Commodity traders are often aware of global macro drivers and try to take advantage of market moves that stem from market-moving events like mining protests, natural disasters, extreme weather, supply disruptions, and military conflicts.
Oil traders are aware of the crude demand outlooks of major crude importers, such as China, Japan, India, and the US. The world runs on oil for now, and if prices are stable, that could be considered good for economic growth and reduce inflation expectations. Canada, Norway, and Russia are major oil-producing countries that can often see a correlation between the price of crude and their respective currencies.
Gold traders focus on central bank purchases, jewelry demand from China and India, and the overall health of the global economic outlook, which includes all the potential systemic risks.
Precious metal traders have their hands full following a plethora of drivers that stem from safe-haven demand, fixed income volatility with real yields, mining projects, and demand outlooks. For gold, Fed policy has been the primary driver, which post-pandemic has unleashed a tightening cycle that rivals what we saw in the 1970s and 1980s.
Gold traders are often drawn to the Australian dollar as it is one of the top three gold producers, following China and Russia.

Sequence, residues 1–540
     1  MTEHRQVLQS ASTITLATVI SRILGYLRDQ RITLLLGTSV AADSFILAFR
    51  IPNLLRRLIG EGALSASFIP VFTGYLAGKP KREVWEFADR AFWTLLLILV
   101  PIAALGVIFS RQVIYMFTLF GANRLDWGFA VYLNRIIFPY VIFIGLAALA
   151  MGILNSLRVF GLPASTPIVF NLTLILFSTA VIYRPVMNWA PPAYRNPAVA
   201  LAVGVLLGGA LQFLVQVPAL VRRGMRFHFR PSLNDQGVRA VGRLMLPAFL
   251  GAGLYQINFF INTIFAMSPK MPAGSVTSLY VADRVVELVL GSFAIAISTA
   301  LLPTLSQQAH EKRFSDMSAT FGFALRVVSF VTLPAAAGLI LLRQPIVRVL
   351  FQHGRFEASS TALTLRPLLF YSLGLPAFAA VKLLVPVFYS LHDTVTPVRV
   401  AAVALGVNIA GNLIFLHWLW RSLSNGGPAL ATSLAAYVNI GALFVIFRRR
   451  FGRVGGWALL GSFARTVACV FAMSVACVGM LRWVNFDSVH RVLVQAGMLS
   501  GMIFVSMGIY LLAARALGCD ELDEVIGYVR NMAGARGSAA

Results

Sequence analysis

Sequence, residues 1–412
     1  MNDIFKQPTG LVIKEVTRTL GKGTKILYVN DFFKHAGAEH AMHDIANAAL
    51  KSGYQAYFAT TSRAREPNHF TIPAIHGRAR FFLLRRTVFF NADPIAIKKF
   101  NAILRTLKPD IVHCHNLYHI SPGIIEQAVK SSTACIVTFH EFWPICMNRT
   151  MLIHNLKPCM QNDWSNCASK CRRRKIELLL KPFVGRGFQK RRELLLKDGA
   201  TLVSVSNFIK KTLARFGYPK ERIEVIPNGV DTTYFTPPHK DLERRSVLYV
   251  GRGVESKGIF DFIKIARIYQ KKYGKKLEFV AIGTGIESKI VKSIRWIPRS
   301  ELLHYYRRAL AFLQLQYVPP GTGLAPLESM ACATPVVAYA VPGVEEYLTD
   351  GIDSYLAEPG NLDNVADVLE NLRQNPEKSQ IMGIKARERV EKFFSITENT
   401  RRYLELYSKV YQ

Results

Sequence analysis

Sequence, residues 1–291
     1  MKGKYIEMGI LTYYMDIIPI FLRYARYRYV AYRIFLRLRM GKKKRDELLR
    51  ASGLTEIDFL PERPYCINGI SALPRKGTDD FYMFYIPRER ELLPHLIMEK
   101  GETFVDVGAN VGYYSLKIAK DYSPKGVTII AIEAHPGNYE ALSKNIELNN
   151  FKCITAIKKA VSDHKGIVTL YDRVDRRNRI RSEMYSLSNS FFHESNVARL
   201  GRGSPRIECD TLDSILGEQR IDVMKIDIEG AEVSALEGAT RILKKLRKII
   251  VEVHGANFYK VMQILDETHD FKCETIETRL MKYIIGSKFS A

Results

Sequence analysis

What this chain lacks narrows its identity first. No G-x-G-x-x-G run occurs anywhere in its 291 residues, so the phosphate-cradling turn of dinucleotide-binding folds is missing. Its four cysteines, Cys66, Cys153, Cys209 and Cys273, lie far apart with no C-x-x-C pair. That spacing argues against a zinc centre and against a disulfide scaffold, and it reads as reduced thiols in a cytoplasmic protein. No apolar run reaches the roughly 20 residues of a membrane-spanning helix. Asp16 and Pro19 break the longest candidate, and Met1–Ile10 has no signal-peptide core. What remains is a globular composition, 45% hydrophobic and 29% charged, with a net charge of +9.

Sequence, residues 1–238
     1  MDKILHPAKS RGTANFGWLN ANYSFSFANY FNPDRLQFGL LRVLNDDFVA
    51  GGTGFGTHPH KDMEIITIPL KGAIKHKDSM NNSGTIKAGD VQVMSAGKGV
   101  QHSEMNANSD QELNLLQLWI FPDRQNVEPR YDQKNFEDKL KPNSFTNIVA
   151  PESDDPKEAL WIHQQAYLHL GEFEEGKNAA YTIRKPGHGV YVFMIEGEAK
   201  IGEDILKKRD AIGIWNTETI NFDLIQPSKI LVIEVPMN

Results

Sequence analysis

While some might think that copper prices will have the biggest impact on countries with top reserves, such as Chile, Australia, Peru, Russia, and Mexico, copper traders focus on major economies that have strong demand for electrical wiring, specifically used in pipes and wires, and industrial machinery.
Copper demand from Chinese factory activity can greatly influence copper prices, as can production guidance from miners.
Many base metal traders follow supply and demand trends globally. During times of serious economic expansion, robust investment could lead to strong demand that is driven by infrastructure spending commitments or for new cycles, such as electrification demand, which is driving all the interest in electric vehicle batteries.
Understanding the impact of industrial and manufacturing activity can provide a backdrop to the health and outlook of many emerging markets and their currencies.
The Bottom Line
You have many markets you can trade and now you can discover how your current strategic trading strategies hold up in the FX market. Test your strategies by using OANDA’s demo account. You can also learn how OANDA’s plethora of tools can help you with your market analysis.
This article is for general information purposes only, not to be considered a recommendation or financial advice. Past performance is not indicative of future results.
It is not investment advice or a solution to buy or sell instruments. Opinions are the authors; not necessarily that of OANDA Corporation or any of its affiliates, subsidiaries, officers or directors. Leveraged trading in foreign currency contracts or other off-exchange products on margin carries a high level of risk and may not be suitable for everyone. We advise you to carefully consider whether trading is appropriate for you in light of your personal circumstances. You may lose more than you invest. We recommend that you seek independent financial advice and ensure you fully understand the risks involved before trading. Trading through an online platform carries additional risks. Losses can exceed deposits.